On my third visit to the local garden centre, ΚΟΚΟΦΟΙΝΙΚΑΣ, Yannis recommended I try to grow some vegetable native to Crete. At the time, I couldn’t remember the name of it, and I had no clue what to expect after planting it. So I bought four. Now, I wish I had purchased at least four more of these “greens,” which are often foraged for in the wild in Crete.
Today I finally decided that no matter what, I was going to find out the name of this plant and learn more about it. Out of the four I purchased, two have grown and the other two appear almost dormant – they are not dead, but there has been no growth in them. So, I decided to find out what they should look like, any care instructions I could find, and what they were supposed to give me after growing in the garden.
It seems I have what some consider a “superfood” in this green leaf vegetable that is called “Stamnagathi.” Some plants, like mine, also have a thin red stripe going along the length of some of the leaves, which are slender, long, and jagged. The botanical name of the plant is Cichorium spinosum and some claim it is related to Chicory while others say it is a wild radish. Researching this plant to get consistent information has been difficult.
But one thing everyone seems to agree on is that it is packed full of nutrition including vitamins, minerals, and other healthy compounds.
Is Stamnagathi A Cretan “Superfood?”
While researching the plant, I came across the description of Stamnagathi being a “Greek Superfood” while visiting SpecialtyProduce.com. This website claims that:
Stamnagathi contains high levels of omega-3 fatty acids, vitamin E and C, and linoleic acid, which is known to get rid of accumulated fat in arteries. It also has significant amounts of calcium and iron. It is also rumored to have anti-septic and anti-rheumetic properties, even being used medicinally in ancient times.
So I followed up, and sure enough there have been some interesting studies done on Stamnagathi which is not well-known outside of Crete, although it also apparently native to Malta and some N. African areas. Cretans have been known to live on a diet high in vegetable greens that includes Stamnagathi especially in the past, and their health was generally excellent.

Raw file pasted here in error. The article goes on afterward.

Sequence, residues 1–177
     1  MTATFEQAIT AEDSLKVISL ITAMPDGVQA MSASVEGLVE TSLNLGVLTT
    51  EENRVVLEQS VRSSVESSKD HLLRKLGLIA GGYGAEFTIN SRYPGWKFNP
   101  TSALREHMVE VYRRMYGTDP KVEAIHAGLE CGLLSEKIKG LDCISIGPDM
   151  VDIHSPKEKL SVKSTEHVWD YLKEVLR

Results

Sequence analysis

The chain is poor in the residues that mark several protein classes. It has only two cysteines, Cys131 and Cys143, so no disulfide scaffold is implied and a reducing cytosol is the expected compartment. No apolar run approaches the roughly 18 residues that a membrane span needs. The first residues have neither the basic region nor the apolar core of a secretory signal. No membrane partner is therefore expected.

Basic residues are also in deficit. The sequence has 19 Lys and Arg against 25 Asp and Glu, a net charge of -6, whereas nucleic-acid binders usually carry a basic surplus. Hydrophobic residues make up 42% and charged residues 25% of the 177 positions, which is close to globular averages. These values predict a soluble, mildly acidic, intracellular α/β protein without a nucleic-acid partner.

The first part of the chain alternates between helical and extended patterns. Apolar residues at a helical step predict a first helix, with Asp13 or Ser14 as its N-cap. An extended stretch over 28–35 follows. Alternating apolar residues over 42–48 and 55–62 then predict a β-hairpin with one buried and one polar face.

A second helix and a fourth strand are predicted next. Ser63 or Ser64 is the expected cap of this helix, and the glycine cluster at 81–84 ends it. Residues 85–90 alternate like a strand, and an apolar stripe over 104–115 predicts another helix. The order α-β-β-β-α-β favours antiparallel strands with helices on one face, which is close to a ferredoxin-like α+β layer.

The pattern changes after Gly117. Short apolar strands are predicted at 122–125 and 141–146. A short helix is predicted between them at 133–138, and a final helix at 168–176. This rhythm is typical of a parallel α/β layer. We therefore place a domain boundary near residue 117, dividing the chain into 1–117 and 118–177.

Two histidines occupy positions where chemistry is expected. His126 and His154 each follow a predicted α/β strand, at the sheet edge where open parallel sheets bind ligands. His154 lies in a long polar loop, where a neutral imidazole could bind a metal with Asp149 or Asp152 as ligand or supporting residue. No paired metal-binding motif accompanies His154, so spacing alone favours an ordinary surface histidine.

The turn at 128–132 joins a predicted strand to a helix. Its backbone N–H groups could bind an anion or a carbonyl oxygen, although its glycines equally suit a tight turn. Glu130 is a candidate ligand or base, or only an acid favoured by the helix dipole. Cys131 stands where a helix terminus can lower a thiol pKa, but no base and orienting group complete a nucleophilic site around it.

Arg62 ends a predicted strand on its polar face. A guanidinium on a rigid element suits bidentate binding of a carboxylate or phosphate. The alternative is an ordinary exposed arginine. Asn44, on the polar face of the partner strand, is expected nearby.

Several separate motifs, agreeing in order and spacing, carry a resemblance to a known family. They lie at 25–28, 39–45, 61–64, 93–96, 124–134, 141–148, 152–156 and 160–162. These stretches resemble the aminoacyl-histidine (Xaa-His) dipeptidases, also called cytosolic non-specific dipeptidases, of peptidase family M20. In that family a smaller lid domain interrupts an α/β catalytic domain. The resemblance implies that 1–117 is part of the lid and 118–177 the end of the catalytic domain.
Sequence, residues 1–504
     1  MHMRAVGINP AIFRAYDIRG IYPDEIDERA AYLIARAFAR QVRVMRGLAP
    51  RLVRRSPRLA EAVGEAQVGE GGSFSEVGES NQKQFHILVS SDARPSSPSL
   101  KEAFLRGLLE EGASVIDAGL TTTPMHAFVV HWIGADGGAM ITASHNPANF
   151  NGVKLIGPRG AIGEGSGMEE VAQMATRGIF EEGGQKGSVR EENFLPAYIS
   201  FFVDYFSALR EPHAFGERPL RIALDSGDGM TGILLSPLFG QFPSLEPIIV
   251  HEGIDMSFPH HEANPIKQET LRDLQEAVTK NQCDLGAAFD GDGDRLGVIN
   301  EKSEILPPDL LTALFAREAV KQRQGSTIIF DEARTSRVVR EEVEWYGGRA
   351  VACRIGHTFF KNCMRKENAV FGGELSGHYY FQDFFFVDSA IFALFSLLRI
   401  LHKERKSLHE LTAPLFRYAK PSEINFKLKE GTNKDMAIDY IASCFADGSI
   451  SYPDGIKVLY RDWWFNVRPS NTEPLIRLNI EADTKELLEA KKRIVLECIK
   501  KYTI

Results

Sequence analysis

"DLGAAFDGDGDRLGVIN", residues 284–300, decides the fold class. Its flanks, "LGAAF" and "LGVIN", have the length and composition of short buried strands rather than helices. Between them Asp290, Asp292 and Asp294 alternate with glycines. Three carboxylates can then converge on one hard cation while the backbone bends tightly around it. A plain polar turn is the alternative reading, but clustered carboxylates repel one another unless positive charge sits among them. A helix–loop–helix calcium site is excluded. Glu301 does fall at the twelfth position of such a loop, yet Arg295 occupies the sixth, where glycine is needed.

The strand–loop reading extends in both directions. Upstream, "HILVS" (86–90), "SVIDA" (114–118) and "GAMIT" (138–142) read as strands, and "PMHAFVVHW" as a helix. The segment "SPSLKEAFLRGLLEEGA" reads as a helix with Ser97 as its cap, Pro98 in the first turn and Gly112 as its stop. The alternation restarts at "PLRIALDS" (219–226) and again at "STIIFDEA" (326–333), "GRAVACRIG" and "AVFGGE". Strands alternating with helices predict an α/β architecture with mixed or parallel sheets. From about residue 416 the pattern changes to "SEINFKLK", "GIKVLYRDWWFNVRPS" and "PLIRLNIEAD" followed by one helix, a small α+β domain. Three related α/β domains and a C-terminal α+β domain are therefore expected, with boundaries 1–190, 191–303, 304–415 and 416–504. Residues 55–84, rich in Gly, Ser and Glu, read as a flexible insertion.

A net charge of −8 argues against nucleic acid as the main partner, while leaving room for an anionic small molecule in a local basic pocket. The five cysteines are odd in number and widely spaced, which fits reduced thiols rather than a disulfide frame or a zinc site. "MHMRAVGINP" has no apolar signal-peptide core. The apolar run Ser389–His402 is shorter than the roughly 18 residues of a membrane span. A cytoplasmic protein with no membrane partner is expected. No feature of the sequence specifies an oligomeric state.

Recently, the University of Sheffield and the Cretan Institute of Nutrition studied the plant and discovered some interesting qualities; it can aid in blood sugar management and also helps cognitive function. It has many nutrients and phytochemicals that it is said someone tried to develop a pill called “Glucospin” which would contain all the properties of stamnagatha. (Source)
There is not much information in English on Glucospin, but I did discover from a Greek website, translated to English using Google, that stamnagatha has an apparently numerous beneficial nutrients that include:
- Vitamin K1 (phyllocicone) at a concentration of 240μg (micrograms) per 100 g (grams) of fresh weight.
- Vitamin C (L ascorbic acid) in an amount of 27mg (milligrams) per 100 g of fresh weight.
- β-carotene content of 595 μg / 100 g fresh weight.
- Tocopherols (Vitamin E) in the amount of 1.23 mg of α-tocopherol and 0.83 mg of γ-tocopherol per 100 g of fresh weight.
- Polyphenols in an amount of 132 mg / 100 g fresh weight.
- Fatty acids in an amount of 0.2-0.4 g / 100g fresh weight of which polyunsaturated are over 76%. In fact, the ratio of polyunsaturated: saturated and omega-6: omega-3 is respectively greater than 0.45 and less than 4, which proves to be beneficial for the heart and health, stimulates the immune system and acts against cell oxidation and aging. of tissues.
- Minerals including iron, potassium, calcium, sodium, phosphorus and magnesium.
- Phenols with antioxidant activity.
- Glutathione especially in the leaves with strong antioxidant activity.
It is from this website that we learn that there were plans at one time (2018?) that a capsule named Glucospin would be developed and put on the market to allow everyone to enjoy all the vitamins, minerals and compounds found in this vegetable.
In Malta, this vegetable has been used as a “cure” for diabetes and may be related to caffeic acid. Further, it’s also said to have anti-rheumatism properties, has been used in traditional medicine to treat liver and gallbladder issues, may possibly have anti-cancer effects, and could be used as an anti-aging food.
With all these apparent benefits, perhaps I should have filled half my garden with this vegetable!
Some say it has a bitter taste that is helped with lemon juice and olive oil – and is eaten raw or boiled. I decided to give a leaf a try today, and while I did find it had a slight bitter taste, it was not something I detested and needed anything to mask. So, I’ll definitely be adding it to my salads – but am still not sure about when to harvest, or how. It is a perennial, but apparently in Crete, they harvest it by the roots and pluck the whole plant from the ground.
Hopefully the two of mine that have not grown will kick in soon, and I will try just harvesting some leafs from each one and see what happens.